Taub, Michael 2005 0-7734-6121-3 140 pages This collection of essays focuses on films dealing with important issues in the Jewish world.
Films selected are only those who make a significant contribution to our understanding of a particular theme under discussion. The themes are: immigration, antisemitism, Israel and Zionism, life in the East-European shtetls (small villages), intermarriage and assimilation, religion, and the Holocaust. The majority of the works analyzed are American-made.
Among the findings of this study is that antisemitism has been touched upon rarely; the 1947 classic, Gentleman’s Agreement, is still the yardstick by which such works as School Ties (1992), and Quiz Show (1994) are being judged. And the truth is that, while the older classic manages to penetrate deeply into this sensitive question, the later works only skim the surface. Also, it is clear that Hollywood steered away from Israel; while in the 1960's and 1970's Israel presented the world a picture of courage and moral justice, the prolonged occupation and treatment of the Palestinians, have created controversies that film producers were averse to engage in. On the other hand, Hollywood has been rather receptive, and generally positive, in its treatment of orthodoxy and Hasidism, as evidenced in The Chosen(1982), Yentl (1983), and A Stranger Among Us (1992). One area where Hollywood has disappointed is the Holocaust. While it is true that it has produced Judgement at Nurenberg (1961), The Diary of Anne Frank (1959),and Schindler’s List, (1993), all very influential films, the rest of the field is a collection of works dealing with marginal issues, and , regretfully, in some cases, turning the subject matter into pure sensationalism.
As this study concluded, many new works dealing with the Jewish experience-antisemitism, Holocaust, and post-holocaust issues, assimilation, exile and life in Israel, were coming out. This is a clear indication that this is a subject of great interest to film makers, and it seems, to viewers all over the world.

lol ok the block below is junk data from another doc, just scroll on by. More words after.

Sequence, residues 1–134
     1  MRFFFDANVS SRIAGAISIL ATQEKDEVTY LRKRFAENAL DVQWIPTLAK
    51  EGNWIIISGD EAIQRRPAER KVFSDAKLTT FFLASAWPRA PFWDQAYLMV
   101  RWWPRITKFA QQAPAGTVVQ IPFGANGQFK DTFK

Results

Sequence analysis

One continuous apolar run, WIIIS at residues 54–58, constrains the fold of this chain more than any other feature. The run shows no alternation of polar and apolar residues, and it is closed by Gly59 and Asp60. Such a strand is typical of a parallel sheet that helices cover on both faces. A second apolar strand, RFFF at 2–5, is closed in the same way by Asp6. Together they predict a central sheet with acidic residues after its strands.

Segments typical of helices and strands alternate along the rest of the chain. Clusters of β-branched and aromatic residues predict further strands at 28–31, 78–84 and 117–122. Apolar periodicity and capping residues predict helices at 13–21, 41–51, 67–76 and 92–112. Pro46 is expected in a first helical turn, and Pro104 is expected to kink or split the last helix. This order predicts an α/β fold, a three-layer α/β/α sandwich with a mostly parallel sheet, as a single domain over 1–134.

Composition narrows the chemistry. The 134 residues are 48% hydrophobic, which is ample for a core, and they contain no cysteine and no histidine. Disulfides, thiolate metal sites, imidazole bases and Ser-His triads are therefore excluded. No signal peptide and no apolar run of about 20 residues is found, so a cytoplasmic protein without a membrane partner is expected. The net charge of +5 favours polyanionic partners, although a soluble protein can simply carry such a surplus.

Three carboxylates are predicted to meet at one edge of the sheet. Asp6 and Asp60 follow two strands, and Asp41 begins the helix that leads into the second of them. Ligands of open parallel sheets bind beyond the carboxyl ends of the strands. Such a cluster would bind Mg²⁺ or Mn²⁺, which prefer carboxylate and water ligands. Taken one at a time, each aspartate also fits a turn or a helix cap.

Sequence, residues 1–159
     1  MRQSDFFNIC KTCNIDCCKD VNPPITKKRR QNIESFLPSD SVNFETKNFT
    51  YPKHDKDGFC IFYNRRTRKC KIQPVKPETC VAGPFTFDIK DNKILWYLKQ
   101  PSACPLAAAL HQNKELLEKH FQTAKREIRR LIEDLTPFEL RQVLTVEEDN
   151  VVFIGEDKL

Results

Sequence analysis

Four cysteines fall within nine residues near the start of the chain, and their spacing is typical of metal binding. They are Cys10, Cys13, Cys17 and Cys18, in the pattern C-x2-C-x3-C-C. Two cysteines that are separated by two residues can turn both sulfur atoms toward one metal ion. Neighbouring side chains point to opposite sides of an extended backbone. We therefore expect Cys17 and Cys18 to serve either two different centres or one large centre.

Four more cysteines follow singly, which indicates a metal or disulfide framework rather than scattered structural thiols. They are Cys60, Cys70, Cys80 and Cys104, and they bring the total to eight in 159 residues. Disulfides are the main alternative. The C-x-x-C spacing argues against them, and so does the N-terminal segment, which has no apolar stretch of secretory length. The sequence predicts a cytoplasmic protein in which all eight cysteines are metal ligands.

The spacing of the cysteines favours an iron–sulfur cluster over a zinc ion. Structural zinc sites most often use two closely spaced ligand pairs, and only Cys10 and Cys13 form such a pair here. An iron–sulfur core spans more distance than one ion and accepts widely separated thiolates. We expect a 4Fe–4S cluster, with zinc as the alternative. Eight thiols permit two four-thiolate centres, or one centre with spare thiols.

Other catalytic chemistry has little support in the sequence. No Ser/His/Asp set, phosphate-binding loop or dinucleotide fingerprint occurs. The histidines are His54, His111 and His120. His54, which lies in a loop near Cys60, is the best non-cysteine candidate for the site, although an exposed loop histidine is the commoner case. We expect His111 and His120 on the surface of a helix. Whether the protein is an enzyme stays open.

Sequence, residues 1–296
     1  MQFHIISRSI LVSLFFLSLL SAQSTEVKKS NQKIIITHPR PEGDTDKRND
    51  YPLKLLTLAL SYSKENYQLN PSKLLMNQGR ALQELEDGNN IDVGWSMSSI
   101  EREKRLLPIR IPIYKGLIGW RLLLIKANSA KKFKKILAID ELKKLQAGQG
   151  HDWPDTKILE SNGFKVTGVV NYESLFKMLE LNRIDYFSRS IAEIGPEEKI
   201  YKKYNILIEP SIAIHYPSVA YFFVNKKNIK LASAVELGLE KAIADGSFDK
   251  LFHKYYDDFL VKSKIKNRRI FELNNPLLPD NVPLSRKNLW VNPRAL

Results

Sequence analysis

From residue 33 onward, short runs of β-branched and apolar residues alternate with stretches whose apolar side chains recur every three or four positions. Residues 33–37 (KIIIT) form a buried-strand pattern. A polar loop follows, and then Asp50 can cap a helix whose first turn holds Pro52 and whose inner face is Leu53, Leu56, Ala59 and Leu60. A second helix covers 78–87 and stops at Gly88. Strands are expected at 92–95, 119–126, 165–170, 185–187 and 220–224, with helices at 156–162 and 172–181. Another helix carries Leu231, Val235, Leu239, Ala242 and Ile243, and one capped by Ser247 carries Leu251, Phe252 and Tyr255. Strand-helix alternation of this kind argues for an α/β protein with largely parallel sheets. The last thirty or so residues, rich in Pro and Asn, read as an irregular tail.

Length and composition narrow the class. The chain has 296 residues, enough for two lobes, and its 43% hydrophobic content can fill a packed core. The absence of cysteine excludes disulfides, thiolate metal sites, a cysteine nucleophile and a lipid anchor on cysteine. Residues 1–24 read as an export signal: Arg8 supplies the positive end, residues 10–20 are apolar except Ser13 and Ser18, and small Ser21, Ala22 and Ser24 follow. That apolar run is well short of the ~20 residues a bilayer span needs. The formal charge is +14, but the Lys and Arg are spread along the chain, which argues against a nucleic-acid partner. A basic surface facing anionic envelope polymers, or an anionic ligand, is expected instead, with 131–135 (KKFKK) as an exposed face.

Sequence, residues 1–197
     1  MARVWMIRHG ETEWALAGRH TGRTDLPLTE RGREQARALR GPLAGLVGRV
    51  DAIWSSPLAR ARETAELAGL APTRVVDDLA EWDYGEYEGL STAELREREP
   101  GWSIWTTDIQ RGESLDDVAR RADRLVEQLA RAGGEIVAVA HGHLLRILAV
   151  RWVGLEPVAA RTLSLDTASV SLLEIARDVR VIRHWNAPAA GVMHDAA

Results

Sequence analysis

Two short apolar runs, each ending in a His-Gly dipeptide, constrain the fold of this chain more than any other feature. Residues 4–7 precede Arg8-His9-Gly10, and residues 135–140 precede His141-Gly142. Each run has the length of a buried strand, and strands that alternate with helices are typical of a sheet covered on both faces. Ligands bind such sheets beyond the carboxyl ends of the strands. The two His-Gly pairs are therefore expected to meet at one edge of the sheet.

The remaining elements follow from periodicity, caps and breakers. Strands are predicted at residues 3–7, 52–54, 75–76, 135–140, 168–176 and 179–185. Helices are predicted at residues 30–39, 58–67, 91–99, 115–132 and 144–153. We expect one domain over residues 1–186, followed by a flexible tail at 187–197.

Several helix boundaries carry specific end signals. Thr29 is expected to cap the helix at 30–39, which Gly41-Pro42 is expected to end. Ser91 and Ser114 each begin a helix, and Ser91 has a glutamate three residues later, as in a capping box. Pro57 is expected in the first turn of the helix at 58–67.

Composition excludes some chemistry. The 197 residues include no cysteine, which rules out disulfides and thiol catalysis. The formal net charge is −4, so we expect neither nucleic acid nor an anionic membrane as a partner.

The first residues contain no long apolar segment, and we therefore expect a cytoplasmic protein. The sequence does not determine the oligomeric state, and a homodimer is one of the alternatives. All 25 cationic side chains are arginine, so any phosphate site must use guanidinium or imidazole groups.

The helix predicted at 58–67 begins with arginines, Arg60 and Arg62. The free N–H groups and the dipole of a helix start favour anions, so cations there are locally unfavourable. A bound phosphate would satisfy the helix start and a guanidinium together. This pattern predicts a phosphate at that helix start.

Derfler, Steven L. 1990 0-88946-258-5 128 pages Presents a synthesis of theories from numerous disciplines _ history, economics, sociology, and religion _ regarding the Hasmonean Revolt, the liberation movement that allowed for the rebirth of a Jewish state in Judea after four centuries of foreign domination. Postulates that the seeds of revolution appear to have been planted as a result of factors that began to develop as early as the first half of the third and second centuries B.C. Appendices include the Zenon Papyri, maps, and dynastic lists.
Breslauer, S. Daniel Daniel 1991 0-7734-9627-0 136 pages A study of the writings of Hayyim Nahman Bialik, whose poetic creativity, linguistic sensitivity, and skills as a compiler of tradition and translator into Hebrew fashioned the pillars of the Hebrew revival. His writings provide the key to modern Jewish thinking. This work focuses on Bialik as a thinker who adumbrates the images and responses typical of many modern Jews.
Weisblum, Moshe Pinchas 2007 0-7734-5288-5 280 pages This study examines the linguistic codes in Rashi’s commentaries on the Pentateuch and Talmud, and Nachmanide’s commentary on the Torah to elucidate their goals and concepts. Through analysis of the writing characteristics and methodological foundations of both commentators, it is possible to discern their distinct approaches and attitudes toward a multiplicity of categories.
Russell, Peter J. 2008 0-7734-4938-8 488 pages This work overturns previously accepted theories about the rise of the first-
century Church by arguing that it maintained a religious culture of diversity
because of its roots in Judaism.
Kravitz, Leonard S. 1988 0-88946-253-4 285 pages Reveals the "hidden doctrine" of Maimonides' Guide for the Perplexed by viewing it as a parable and exploring the means by which Maimonides both concealed and revealed his meaning.